This article first appeared on the BBC News website and is reproduced here with permission.
A military surplus has been a fixture of Britain’s military for centuries, with the country’s army boasting over 100,000 tanks and fighter jets, as well as the Royal Air Force, Royal Navy and air force.
But as the UK leaves the European Union, it is also leaving behind many of its own military hardware, including its vast military surplus.
Here are the items you may have missed: – £12.7bn worth of British-made tanks and aircraft – £1.8bn worth to keep Britain in the EU military bloc – £30bn worth worth of ammunition – £5.2bn worth for UK warships – £13.4bn worth in artillery – £3.5bn worth on ships and submarines – £4.7m worth of helicopters – £2.2m worth in submarines – A further £300m worth is earmarked for UK bases around the world – £50m worth for aircraft and warships that will be retired by 2025 – £9.3bn worth is expected to be transferred to the European Investment Bank.
The bulk of the £3bn is earmarked for the Royal Marines, which has been given the largest proportion of the UK’s weapons and equipment by a country other than Britain.
In its final years in the European military bloc, the UK has been unable to use all of its remaining surplus equipment.
It has a stockpile of armoured vehicles, which the country relies on for protection against Russian aggression, as the US has a large stockpile of tanks and helicopters.
There are also huge amounts of weapons and munitions, including fighter jets and helicopters that Britain will need to keep the UK in the bloc.
The remaining £3,400bn worth, according to the Office for National Statistics, is earmarks for the Armed Forces, the British Overseas Territories and Overseas Contingencies (OCTC).
The rest of the surplus will be for the civilian sector.
Britain’s largest military surplus in terms of total value has been the Royal Navy, which was the largest single-discipline army in the world until it was decommissioned in the 1980s.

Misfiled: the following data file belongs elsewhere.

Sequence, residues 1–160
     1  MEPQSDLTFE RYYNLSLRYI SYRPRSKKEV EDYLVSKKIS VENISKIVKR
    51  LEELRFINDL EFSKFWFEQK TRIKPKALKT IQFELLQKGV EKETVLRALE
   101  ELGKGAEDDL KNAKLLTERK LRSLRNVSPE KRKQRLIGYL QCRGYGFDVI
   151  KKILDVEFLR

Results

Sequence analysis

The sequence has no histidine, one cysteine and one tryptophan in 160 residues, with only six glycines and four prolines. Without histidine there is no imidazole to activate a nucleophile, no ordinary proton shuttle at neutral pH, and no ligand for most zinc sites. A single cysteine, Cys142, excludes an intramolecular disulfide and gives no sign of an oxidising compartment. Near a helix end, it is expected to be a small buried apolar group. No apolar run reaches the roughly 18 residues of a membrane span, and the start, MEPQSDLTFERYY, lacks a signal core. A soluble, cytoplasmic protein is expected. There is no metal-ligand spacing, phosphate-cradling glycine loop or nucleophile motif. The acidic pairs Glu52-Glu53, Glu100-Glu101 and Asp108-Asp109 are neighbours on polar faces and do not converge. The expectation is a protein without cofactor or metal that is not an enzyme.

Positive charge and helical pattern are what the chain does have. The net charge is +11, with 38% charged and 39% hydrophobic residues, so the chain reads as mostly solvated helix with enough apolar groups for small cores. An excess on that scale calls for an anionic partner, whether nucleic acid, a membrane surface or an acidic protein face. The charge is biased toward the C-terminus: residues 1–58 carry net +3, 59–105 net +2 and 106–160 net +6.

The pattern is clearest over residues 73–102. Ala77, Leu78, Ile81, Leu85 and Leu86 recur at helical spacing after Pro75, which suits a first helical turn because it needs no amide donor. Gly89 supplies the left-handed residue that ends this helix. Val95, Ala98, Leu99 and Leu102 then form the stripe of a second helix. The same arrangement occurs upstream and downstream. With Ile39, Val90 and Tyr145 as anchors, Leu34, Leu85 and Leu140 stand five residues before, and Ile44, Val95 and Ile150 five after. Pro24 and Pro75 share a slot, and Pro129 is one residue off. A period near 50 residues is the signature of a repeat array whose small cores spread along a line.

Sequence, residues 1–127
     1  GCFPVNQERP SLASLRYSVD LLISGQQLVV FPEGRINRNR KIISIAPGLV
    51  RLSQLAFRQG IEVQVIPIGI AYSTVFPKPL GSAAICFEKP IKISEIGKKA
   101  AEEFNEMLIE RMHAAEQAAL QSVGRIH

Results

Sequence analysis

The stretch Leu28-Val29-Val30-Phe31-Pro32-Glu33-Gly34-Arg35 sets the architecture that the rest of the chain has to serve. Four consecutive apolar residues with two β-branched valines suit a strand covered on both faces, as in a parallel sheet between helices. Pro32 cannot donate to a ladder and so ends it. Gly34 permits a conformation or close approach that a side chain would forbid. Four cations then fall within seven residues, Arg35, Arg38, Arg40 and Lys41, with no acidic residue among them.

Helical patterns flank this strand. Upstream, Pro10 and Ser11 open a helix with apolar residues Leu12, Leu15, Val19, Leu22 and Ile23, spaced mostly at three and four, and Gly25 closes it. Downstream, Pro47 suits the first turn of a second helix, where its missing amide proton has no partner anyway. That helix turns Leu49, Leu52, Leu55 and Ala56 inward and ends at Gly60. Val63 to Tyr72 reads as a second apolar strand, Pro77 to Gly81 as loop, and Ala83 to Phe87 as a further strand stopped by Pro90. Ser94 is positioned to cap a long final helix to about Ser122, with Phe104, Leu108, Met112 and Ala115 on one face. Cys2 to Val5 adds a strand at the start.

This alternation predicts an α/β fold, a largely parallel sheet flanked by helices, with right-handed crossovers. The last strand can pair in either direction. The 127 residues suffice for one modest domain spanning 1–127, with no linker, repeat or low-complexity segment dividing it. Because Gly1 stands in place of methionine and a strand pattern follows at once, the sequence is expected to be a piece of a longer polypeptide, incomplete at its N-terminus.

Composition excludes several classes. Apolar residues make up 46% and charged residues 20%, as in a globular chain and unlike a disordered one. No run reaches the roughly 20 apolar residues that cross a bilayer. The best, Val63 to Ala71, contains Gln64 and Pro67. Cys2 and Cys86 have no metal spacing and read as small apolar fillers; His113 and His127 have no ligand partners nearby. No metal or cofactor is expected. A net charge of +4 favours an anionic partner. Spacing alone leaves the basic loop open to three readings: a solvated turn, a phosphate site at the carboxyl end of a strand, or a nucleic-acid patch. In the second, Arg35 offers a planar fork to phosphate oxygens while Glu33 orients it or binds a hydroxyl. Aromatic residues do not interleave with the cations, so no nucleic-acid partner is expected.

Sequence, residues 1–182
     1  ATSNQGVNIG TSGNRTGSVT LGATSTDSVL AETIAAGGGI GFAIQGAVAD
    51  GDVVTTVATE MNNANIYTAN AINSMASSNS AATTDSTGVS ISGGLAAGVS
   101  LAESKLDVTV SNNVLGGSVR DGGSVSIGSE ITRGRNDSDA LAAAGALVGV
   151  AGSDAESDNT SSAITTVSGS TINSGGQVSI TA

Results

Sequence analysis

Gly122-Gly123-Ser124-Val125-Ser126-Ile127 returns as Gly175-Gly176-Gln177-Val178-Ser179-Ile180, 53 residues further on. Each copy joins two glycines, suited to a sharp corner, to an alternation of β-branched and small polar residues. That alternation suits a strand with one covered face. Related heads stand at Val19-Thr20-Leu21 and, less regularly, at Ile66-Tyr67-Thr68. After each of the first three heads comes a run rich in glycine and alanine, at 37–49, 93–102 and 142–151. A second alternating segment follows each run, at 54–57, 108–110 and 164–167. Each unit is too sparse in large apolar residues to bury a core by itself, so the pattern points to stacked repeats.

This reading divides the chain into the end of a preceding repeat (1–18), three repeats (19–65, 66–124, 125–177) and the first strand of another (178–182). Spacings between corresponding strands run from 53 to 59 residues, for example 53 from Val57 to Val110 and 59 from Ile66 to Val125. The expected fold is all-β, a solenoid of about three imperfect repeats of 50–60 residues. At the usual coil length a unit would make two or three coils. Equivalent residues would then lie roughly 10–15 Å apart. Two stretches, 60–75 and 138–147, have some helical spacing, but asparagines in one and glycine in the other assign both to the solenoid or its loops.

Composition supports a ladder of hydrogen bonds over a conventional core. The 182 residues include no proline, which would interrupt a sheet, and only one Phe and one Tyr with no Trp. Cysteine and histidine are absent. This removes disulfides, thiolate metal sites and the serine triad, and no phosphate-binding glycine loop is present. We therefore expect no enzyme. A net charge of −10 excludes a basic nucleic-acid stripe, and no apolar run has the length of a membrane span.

Its £7.2tn of weapons, aircraft and supplies, worth more than £50bn, includes the Royal Fleet’s aircraft carriers, which it will be retiring by 2025.
The Royal Navy has also received £8.5tn worth of equipment, including helicopters and ships, as part of the Defence Investment Fund (DIF).
Britain has also enjoyed a steady stream of surplus military hardware that it is now taking out of the country.
The UK’s Defence Equipment Fund, which is responsible for buying equipment for the army and navy, received £1,300m in cash from the EU last year, according to the Office of National Statistics.
“We have the largest stockpile of weapons in the western world and the UK military has been doing quite well in that regard,” said Peter Goggins, a retired Royal Navy officer and retired Army brigadier.
“But we have a lot of weapons that are no longer needed and there are lots of things that are going to be retired.”
Britain also has the largest military-to-civilian transfer of military surplus, which includes tanks, planes, helicopters, artillery, and communications equipment.
Britain also has an overseas military procurement fund, which received £2bn last year.
However, it also has its share of other items of military equipment that it can no longer rely on.
The £2,700m worth worth in military surplus of the Royal Army that is expected by 2020 is earring for new equipment.
Britain’s military is also being sold to other nations.
This is the first year that the UK will be sold arms to Australia, a country that is in the process of exiting the European Economic Area (EEA), a union that excludes the UK.
Australia is also selling British-built weapons to countries like India and Israel.
Despite its military surplus being the largest in the west, Britain’s defence export market is relatively small, with just £300 million worth of weapons sold to Britain last year alone.
This is partly due to the UK being one of the only countries that is not part of Nato.
In 2014, Britain was the only country that was not a member of the European External Action Service (EEAS), the body that vets and approves export licences for weapons to other countries.
With the UK leaving the EEA in 2019, Britain will have to decide whether to stay or go.
There are other issues that will come up in the negotiation process that will influence Britain’s decision on whether to remain in the EASE or leave.
The UK is the largest arms exporter in the UK and it is a big market for weapons, with Britain exporting £838bn worth last year to countries around the globe, according the Office For National Statistics (ONS). In